How Much Assistance is Too Much?

Print Tip Sheet

What is “substantial” assistance?

According to the Code of Student Behaviour (“the Code”), one subsection of Cheating reads:

  • 30.3.2(2)c No student shall represent another's substantial editorial or compositional assistance on an assignment as the Student's own work.

This begs the question: what does “substantial” mean? Applying this section is difficult precisely because it requires discretion.

When students use tutors, editors or other academic services for assistance on an assignment, the ideal outcome is that using that type of service will improve the students’ own abilities so that they can submit better work. Unfortunately, some slip into a situation where the tutor or editor simply “improves” the assignment rather than providing the tools for the student to do it. The extreme consequence of this is that the assignment becomes something the student would not be able to replicate because, in effect, it was completed by the tutor/editor. A tutor or editor becomes the ticket to a higher grade on a particular assignment, rather than someone who can assist the student to learn the material, or the techniques necessary to write about it. In short, the student submits the work of the tutor/editor as their own.

The risk in applying this section of the Code is that it could be seen as punishing a student who has legitimately improved. Since that is exactly what we ask of students, we must proceed with caution when considering this charge under the Code.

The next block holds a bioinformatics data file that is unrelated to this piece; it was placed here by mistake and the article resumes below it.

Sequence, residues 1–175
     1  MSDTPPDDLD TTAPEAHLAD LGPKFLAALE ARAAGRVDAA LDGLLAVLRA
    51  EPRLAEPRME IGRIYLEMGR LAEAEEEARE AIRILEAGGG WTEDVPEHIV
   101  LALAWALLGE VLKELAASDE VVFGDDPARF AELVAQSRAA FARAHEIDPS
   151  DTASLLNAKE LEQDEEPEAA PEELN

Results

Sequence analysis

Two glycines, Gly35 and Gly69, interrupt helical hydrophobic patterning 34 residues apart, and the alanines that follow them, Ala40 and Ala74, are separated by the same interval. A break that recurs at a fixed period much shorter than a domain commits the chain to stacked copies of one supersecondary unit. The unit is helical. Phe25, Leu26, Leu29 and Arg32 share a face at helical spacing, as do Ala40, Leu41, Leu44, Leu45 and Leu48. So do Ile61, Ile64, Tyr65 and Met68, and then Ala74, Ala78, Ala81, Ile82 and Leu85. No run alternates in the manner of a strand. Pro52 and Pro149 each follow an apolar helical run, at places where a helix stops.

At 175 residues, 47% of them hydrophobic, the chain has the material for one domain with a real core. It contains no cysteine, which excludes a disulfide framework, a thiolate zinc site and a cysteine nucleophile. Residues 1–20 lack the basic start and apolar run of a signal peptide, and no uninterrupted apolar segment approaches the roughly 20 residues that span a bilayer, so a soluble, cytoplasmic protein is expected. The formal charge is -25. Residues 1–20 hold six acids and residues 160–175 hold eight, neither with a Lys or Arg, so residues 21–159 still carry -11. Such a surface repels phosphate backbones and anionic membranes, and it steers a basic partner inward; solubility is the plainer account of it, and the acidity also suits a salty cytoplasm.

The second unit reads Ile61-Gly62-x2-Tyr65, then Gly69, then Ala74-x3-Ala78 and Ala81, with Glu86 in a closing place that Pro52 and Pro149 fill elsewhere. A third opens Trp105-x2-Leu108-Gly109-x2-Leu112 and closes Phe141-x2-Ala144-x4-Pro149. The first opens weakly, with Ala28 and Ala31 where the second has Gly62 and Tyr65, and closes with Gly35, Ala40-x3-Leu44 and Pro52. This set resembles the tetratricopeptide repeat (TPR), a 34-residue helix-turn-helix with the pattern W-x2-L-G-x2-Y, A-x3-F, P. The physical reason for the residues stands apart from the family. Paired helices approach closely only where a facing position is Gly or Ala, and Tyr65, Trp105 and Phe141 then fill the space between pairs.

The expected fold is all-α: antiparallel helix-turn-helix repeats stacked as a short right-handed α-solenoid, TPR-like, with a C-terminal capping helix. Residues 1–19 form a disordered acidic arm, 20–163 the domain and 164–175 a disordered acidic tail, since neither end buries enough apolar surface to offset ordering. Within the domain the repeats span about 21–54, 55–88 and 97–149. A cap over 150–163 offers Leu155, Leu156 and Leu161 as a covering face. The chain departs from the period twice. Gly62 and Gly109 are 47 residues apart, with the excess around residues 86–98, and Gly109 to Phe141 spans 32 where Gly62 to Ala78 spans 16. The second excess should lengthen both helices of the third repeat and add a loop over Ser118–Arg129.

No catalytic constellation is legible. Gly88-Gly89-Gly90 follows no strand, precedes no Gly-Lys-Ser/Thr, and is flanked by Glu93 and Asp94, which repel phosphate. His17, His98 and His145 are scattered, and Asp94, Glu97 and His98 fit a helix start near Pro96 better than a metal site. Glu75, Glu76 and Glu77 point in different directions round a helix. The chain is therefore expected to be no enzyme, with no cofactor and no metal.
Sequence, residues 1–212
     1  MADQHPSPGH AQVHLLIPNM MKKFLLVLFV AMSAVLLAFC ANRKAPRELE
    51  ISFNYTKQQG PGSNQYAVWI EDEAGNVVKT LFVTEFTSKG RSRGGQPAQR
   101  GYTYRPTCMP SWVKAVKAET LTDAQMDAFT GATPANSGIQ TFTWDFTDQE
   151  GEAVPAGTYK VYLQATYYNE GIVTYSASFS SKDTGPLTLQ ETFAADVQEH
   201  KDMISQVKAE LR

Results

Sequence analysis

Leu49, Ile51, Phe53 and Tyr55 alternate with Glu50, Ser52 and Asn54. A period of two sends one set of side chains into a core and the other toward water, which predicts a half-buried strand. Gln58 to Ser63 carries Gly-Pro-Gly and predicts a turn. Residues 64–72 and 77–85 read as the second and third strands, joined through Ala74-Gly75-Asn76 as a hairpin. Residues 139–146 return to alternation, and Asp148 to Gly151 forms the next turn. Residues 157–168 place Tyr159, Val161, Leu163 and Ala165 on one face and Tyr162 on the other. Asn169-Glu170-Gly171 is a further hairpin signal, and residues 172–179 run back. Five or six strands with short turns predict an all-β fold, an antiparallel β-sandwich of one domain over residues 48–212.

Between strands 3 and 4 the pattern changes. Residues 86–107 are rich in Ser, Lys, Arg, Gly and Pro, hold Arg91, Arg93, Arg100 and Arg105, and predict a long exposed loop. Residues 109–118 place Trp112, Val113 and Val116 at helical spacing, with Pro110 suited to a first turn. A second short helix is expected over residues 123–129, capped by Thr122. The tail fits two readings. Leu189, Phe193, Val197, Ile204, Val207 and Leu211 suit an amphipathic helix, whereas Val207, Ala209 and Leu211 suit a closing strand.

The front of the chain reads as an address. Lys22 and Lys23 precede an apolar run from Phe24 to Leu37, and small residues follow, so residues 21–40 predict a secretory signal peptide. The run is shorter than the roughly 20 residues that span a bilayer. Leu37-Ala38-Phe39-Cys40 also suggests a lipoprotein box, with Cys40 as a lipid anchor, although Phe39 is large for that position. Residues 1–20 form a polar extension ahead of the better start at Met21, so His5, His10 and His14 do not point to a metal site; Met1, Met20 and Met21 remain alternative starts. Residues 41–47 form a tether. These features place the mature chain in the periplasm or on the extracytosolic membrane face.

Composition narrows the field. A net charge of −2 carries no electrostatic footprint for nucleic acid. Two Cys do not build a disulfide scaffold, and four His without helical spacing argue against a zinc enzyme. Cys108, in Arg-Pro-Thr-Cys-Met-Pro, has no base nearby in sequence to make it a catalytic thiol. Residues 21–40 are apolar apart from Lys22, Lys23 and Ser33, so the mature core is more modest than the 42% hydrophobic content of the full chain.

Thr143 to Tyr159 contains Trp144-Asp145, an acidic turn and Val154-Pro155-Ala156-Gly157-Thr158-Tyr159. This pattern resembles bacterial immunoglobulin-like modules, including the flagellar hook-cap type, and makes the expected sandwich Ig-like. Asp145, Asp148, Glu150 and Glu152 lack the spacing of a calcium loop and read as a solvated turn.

How can you tell?

In order to distinguish ”substantial” assistance from genuine academic improvement, some tests are necessary:

  • Has the student’s work improved incrementally over time or was there a sudden dramatic improvement from one assignment to the next?
  • Is the student able to articulate the concepts or central ideas of the assignment?
  • Is the student able to define key terms or sophisticated vocabulary used?
  • Would the student be able to replicate the level of the work under similar conditions?

If the answer to the above questions is negative, it is possible that the student is receiving “substantial” assistance, that is, assistance to the extent that the student could not have completed the assignment on his or her own.

How can it be prevented?

The following advice can be given to students who are working with tutors or editors:

  • Rather than working through the actual assignment with a tutor, the student can ask a tutor to work through similar questions or problems in order to get feedback for improvement.
  • Have an editor highlight or identify where errors have occurred in the student’s writing but leave it for the student to correct.
Students should ensure their tutor or editor understands these rules, and be very cautious about allowing anyone to rewrite or insert material into a paper or assignment.